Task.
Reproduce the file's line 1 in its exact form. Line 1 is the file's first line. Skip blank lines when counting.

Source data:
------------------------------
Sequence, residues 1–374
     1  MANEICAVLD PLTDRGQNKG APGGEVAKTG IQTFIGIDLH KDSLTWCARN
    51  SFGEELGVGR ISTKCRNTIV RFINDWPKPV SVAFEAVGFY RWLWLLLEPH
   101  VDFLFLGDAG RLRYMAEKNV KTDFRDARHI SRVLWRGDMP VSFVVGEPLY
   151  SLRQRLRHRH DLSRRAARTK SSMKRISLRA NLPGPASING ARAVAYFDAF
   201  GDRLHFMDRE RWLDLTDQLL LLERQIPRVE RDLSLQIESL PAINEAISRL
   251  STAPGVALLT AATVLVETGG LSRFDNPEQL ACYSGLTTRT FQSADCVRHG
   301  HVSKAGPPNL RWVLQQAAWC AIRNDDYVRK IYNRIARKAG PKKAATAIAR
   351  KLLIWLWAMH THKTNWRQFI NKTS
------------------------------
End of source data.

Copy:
Sequence, residues 1–374